COVID-19 in Nursing Homes - Learn More.

COVID-19 Outbreak Highlights Just How Underequipped, Understaffed U.S. Nursing Homes Are

In a McKnight’s Long-Term Care News survey published on March 30, 2020, more than 77% of the nation’s nursing homes say they are both underequipped and understaffed during the coronavirus pandemic. The findings come as groups of struggling U.S. nursing homes, including several in Illinois, begin their battle with the potentially deadly virus.

The survey found:

  • More than 77% of respondents said their facilities were experiencing personal protective equipment (PPE) shortages.
  • Nearly 3 in 5 (59%) said their locations were using homemade or improvised PPE, or reusing it. Masks, gowns, gloves and shoe covers are just some of the infection control products falling under the PPE label.
  • Nearly half of the respondents (48%) said they have workers “calling in sick” due to or exhibiting signs of COVID-19.
  • More than 19% of survey respondents reported that COVID-19 had been detected in at least one resident or worker at their facility.
  • Over half (51%) of the survey respondents said their buildings were not currently equipped to handle COVID-19 patients.
  • More than 15% said their facilities already had been pressured to admit COVID patients from the hospital, while 72% said they hadn’t and 12% weren’t sure.
  • A majority of respondents have observed some kind of anxiety among staff.

The participants included 350 of McKnight’s Long-Term Care News readers. Responses were generated from a weekend email seeking long-term care workers’ views on the virus’s effects on their facility. The biggest group of responders identified themselves as owners, operators or administrators. McKnight’s also said the survey results do “reflect a distressed industry seeking answers to challenges that could grow by the day.”

Coronavirus Numbers Triple Throughout U.S. Nursing Homes in Just One Week

Individuals who live in nursing homes remain most at risk of COVID-19. The Centers for Disease Control and Prevention (CDC) says it is aware of cases at more than 400 long-term care facilities as of Tuesday, March 31, up from 147 just a week ago. Several advocates set out to protect long-term care residents are making it known that federal and state governments should be doing more to stop the spread of COVID-19 in nursing homes as CMS begins adjusting regulations and delaying nursing home inspections intended to keep residents safe as outbreaks are occurring.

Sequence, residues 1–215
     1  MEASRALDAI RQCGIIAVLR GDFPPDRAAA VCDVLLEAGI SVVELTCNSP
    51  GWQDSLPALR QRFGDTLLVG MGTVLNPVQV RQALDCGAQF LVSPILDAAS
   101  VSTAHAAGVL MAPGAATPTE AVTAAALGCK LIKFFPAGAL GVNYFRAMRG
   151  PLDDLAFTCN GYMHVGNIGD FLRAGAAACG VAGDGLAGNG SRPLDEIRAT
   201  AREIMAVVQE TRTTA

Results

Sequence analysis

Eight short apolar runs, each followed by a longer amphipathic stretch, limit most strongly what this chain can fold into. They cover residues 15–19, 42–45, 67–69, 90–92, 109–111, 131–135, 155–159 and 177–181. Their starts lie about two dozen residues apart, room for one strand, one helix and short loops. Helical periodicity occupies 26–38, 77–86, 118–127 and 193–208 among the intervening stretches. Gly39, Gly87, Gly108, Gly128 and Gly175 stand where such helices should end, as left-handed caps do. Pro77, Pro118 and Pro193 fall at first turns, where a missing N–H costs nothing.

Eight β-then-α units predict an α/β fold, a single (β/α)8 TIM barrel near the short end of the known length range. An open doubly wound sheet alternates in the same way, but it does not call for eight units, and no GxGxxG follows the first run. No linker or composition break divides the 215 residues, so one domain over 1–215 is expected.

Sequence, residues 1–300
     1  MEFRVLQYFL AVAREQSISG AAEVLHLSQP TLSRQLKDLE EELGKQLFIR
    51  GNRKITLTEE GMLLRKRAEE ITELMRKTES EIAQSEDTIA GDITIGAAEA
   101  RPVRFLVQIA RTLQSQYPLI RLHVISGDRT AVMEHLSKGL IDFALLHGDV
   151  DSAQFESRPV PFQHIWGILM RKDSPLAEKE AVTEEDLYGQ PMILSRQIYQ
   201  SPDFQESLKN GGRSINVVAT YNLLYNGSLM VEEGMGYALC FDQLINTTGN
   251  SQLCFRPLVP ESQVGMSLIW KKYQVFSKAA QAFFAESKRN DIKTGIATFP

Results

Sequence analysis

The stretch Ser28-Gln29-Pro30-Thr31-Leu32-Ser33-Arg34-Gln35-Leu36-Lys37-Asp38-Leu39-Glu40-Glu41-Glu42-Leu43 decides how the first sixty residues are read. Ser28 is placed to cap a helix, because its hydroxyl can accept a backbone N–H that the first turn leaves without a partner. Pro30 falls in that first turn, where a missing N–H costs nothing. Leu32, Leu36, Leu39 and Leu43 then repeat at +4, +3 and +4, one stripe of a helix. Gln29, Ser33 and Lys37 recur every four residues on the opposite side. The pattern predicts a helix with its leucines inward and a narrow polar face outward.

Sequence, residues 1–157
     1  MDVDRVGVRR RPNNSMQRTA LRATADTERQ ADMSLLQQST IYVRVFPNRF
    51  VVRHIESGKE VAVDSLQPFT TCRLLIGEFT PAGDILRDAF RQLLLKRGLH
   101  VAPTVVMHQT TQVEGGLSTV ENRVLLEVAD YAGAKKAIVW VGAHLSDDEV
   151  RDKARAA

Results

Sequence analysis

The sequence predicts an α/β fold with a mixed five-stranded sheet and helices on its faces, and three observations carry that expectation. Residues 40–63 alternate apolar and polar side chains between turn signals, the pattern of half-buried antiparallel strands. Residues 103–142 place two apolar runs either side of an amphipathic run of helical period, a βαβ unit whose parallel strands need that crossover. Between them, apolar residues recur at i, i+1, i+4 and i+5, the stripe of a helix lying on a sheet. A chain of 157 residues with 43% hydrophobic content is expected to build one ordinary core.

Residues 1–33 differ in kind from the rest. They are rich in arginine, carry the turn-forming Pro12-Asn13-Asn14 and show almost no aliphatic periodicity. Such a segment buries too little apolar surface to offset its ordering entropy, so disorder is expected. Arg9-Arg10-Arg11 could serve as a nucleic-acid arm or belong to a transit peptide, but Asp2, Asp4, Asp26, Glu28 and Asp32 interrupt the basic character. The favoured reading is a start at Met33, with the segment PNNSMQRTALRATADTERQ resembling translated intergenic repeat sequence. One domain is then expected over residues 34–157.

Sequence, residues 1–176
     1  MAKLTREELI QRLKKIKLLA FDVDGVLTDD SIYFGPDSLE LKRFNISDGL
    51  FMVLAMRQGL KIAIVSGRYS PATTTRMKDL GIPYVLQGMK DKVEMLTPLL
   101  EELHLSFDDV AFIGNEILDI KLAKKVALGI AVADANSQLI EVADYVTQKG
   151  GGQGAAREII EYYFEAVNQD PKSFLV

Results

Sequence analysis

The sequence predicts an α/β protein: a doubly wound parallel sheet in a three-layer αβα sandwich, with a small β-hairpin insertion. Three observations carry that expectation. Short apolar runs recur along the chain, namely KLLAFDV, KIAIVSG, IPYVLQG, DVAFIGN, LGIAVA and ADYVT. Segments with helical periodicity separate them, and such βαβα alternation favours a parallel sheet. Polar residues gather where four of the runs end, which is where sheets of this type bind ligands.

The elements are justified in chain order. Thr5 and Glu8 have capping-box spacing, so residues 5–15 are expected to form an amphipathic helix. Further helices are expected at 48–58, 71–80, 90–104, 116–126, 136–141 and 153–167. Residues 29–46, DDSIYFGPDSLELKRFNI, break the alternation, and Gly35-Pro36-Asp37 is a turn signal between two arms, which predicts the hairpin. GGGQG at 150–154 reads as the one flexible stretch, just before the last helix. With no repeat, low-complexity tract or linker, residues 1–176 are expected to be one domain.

These challenges force employees to be responsible for an overwhelming number of patients with high care needs. As a result, proper infection control protocol has become even greater relaxed or ignored than during pre-coronavirus days.

Illinois Nursing Home Negligence Related to Coronavirus

If a loved one has sustained a serious infectious disease complication resulting from neglect or missed medical treatments provided by a nursing home, or the intentional understaffing of its workforce, we can help. Please reach out to Levin & Perconti, a Chicago-based law firm ready to provide you with a free nursing home abuse or provider negligence consultation at (312) 332-2872.

Also read: Nursing Home Inspections Take Back Seat During COVID-19

 

Video Transcript

How can families promote good safe care and keep up resident morale? Find out what steps the facility is taking to keep residents safe. Request that the administrator tell families how the facility performed on it’s self-assessment of its infection control practices. Ask how the facility will provide updates on their loved one and whom they should contact if they have questions. Request that the facility set up a schedule for when they can connect with their loved one by phone, video, window visiting or some other method. Ask the administration to seek permission from the family of other residents to share their email addresses with each other. Families can create a group email and use it to communicate with other family members.

Bring questions and concerns to the facility or the ombudsman program or provide support to one another. If you have any additional questions, you can still reach our attorneys at Levin & Perconti. We are staying safe and working largely remotely, but all of the calls to our main office could be rerouted to individual attorneys or staff members if you have questions. Or you can email questions to questions@levinperconti.com. Again, that’s questions@levinperconti.com. My name is Mike Bonamarte, I appreciate your time. Please stay safe.

 

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